Credit reports are getting some significant changes.
Information from the Buy Now, Pay Later (BNPL) companies will now be added to the consumer credit reports of the three major credit reporting companies – Equifax, Experian and TransUnion – and some medical debt information will be removed.
Consumers with medical debt should see their scores increase. Beginning in July 2022, medical debt sent for collection but ultimately repaid will be removed from all three reports. Plus, any new medical debt you incur won’t show up on your credit reports until one year after it’s sent for collection.
Currently, credit reports start showing an unpaid medical account 180 days after it’s sent to collections, and it can stay on your credit reports for up to seven years after you’ve paid off the debt.
And starting in 2023, the three companies will no longer report medical debts under $500.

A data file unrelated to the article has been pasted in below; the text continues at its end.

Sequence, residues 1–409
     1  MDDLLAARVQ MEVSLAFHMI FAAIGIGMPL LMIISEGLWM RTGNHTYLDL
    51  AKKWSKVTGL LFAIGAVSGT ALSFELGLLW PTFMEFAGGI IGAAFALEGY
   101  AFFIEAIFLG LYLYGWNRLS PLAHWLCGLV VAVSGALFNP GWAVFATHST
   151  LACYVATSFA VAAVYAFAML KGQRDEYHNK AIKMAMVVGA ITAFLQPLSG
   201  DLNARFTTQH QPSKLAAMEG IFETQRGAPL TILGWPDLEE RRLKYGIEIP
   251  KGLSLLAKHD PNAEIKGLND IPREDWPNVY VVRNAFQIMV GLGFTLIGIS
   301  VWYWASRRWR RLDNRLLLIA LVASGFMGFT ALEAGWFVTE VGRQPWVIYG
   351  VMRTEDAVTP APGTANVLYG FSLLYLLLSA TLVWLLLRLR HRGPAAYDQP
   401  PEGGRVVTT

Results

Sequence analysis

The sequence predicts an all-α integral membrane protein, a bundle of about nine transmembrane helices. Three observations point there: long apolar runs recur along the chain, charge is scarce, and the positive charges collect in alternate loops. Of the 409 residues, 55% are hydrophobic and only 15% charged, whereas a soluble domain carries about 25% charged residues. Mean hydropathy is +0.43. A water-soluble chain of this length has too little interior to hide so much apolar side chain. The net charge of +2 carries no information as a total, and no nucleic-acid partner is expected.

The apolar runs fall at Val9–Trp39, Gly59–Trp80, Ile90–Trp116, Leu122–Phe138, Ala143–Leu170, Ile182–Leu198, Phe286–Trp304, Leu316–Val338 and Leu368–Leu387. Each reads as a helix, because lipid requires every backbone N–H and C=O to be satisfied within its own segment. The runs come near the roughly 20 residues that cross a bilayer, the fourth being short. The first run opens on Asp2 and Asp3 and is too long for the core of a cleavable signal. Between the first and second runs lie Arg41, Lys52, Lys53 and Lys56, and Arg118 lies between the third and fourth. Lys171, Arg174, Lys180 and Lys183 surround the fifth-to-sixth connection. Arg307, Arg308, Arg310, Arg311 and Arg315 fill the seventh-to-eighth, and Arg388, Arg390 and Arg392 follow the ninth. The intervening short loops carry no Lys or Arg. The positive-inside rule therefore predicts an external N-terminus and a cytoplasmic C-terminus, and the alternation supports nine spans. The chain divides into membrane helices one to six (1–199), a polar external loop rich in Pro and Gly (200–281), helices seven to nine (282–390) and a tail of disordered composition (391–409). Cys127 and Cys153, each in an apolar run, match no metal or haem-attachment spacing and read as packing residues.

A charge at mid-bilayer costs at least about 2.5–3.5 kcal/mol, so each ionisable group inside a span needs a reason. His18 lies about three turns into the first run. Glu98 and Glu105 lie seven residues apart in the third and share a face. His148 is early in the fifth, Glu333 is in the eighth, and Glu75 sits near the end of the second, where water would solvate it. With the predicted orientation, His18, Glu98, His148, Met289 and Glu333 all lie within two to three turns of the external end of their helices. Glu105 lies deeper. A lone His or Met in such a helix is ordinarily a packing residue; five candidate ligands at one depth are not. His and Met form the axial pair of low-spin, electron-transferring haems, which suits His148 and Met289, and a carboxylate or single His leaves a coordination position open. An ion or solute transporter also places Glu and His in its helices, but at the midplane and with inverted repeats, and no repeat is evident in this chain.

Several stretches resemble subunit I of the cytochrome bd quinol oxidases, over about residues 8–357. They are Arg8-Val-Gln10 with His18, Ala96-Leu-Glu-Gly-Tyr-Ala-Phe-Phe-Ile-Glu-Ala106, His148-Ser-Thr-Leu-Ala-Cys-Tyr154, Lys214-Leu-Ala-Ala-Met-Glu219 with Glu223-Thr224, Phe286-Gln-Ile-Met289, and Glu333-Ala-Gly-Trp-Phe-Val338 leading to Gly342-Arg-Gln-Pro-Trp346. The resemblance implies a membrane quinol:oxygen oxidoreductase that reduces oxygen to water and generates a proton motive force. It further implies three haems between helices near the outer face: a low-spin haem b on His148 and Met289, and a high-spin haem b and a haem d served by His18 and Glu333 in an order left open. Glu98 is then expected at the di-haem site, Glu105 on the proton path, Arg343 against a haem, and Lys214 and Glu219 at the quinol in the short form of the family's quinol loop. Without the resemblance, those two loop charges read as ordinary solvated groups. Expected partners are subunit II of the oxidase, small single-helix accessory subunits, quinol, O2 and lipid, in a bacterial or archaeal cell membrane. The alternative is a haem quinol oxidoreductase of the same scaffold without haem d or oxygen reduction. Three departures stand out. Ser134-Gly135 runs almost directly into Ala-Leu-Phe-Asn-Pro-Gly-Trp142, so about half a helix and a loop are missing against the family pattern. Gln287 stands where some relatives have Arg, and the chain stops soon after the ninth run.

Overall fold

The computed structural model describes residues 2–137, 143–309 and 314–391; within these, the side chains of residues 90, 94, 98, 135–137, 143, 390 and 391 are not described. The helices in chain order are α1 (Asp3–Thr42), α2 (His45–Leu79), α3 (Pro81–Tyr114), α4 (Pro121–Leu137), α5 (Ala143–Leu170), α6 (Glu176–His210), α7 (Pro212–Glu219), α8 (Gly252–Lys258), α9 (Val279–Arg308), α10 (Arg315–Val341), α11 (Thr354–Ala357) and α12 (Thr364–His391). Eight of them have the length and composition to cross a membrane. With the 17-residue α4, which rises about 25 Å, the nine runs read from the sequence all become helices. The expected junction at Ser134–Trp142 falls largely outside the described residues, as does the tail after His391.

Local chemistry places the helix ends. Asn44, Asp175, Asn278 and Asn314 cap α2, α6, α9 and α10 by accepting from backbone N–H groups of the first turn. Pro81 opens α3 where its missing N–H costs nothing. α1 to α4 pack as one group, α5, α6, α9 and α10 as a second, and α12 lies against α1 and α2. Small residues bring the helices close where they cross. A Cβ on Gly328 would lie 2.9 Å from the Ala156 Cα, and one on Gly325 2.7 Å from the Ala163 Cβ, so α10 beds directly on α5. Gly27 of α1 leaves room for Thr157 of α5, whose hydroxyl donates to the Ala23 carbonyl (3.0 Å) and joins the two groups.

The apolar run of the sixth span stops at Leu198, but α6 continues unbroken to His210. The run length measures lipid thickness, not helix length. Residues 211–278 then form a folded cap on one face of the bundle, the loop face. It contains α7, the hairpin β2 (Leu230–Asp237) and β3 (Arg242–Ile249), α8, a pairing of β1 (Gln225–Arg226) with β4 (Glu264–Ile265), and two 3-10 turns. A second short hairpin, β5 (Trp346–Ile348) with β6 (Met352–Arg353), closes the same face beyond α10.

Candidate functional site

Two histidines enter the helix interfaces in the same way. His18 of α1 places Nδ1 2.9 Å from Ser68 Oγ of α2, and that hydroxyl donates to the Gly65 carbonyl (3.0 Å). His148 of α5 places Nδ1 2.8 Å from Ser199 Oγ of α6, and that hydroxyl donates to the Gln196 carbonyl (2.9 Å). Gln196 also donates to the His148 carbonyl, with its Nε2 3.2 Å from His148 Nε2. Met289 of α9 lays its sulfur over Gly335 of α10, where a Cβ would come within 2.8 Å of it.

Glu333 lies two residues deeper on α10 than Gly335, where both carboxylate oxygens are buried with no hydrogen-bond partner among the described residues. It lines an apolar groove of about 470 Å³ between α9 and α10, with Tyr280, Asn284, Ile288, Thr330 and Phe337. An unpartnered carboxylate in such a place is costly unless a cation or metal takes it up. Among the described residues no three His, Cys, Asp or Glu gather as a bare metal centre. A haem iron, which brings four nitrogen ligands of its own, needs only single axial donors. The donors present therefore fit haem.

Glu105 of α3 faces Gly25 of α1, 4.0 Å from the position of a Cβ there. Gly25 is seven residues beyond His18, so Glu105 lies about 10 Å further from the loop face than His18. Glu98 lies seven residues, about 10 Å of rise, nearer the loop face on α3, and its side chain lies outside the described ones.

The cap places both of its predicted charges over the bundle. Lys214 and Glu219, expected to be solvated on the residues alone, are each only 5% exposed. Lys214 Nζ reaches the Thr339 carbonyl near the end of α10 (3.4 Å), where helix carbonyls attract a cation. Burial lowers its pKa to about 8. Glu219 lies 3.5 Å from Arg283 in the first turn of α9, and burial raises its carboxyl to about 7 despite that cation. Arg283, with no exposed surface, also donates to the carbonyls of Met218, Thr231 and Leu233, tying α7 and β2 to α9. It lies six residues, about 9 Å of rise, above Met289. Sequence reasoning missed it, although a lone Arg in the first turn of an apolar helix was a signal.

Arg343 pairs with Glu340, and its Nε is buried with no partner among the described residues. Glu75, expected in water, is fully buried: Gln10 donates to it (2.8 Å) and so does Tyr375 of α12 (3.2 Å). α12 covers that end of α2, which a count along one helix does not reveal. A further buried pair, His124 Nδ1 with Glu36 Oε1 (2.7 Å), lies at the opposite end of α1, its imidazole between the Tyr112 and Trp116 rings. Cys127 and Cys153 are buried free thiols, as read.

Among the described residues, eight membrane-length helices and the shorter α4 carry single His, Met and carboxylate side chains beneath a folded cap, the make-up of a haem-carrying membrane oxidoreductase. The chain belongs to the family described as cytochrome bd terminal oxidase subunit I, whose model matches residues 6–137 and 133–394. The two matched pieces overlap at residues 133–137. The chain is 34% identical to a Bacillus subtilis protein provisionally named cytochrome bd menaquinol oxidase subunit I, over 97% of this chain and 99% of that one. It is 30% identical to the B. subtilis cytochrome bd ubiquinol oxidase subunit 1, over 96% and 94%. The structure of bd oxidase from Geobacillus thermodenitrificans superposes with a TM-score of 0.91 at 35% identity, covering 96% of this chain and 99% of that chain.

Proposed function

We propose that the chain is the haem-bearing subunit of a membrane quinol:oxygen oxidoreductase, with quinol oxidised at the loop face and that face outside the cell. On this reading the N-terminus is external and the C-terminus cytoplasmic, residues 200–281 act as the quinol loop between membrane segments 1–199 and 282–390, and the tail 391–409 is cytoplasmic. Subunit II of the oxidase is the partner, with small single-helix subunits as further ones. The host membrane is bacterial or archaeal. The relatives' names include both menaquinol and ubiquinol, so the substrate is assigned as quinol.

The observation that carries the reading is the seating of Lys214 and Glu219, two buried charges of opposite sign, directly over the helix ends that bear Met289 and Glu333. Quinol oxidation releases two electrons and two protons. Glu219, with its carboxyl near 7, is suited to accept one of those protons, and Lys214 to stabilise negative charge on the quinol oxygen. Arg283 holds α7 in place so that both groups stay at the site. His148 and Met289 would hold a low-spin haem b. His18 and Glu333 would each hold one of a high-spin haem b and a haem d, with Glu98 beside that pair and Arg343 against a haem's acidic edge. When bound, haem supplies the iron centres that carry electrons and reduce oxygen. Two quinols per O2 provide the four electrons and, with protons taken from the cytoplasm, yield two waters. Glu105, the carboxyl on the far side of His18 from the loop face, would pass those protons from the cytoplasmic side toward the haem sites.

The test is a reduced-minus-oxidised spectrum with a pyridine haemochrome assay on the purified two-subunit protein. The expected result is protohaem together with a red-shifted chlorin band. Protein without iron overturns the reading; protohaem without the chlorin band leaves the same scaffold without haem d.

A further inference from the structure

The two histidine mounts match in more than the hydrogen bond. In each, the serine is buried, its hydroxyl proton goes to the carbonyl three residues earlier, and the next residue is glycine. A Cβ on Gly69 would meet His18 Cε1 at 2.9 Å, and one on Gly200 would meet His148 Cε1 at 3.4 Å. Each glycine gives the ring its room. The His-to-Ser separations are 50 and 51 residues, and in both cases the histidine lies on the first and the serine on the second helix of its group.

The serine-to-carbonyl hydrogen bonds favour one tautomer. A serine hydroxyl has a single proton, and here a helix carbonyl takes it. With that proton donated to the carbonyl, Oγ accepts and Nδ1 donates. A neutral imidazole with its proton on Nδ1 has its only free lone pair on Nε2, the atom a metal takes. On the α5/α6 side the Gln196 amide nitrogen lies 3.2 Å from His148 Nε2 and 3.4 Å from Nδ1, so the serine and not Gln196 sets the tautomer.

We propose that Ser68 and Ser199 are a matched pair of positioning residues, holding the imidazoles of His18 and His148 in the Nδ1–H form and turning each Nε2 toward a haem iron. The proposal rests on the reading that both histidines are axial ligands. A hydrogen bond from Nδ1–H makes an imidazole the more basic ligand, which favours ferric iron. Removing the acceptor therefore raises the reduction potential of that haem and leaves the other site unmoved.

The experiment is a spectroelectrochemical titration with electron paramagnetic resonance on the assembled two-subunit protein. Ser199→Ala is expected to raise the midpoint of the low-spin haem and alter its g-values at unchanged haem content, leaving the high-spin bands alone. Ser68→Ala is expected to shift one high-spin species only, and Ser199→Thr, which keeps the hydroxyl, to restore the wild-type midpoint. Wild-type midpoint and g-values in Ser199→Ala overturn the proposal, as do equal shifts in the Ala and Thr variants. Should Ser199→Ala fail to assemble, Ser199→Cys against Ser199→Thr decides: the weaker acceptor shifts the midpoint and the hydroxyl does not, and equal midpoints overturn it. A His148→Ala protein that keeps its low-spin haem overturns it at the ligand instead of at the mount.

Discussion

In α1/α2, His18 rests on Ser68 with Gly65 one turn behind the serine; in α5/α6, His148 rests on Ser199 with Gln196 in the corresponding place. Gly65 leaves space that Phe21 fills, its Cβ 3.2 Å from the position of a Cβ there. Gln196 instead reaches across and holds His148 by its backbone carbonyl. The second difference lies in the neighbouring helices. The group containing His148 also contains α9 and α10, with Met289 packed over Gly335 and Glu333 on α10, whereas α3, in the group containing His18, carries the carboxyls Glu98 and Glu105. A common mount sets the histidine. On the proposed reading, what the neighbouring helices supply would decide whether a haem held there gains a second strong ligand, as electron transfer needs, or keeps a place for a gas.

These measures should eliminate 70% of medical debt reports.
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Meanwhile, consumers’ use of online BNPL systems will also show up in reports, which can be good or bad for credit scores.
BNPL firms, including Affirm, Klarna and Afterpay, offer you a cash loan to cover your purchase. Until now, credit bureaus haven’t tracked these loans, and it’s unclear how information from the BNPL will factor into credit scoring formulas, said Matt Schulz, chief credit analyst at LendingTree, an online lending marketplace.
People who repay their installment loans could see their scores go up, and loan tracking can give some people a score they didn’t have before. However, if you miss payments or take out a large number of these short-term loans, the impact on both the payment history and the credit history of the credit scoring algorithm could lead to a lower of your score, Schulz said.
Payment history counts for 35% of your FICO score, with length of credit history counting for 15%. And if your BNPL loans increase your utilization rate – the amount of available credit you use – that could also affect your score.
If you’re considering using a BNPL loan, it’s a good idea to set up automatic payments from your checking account or debit card to pay it off as soon as possible.
Visit Kiplinger.com to learn more about this and similar money-related topics.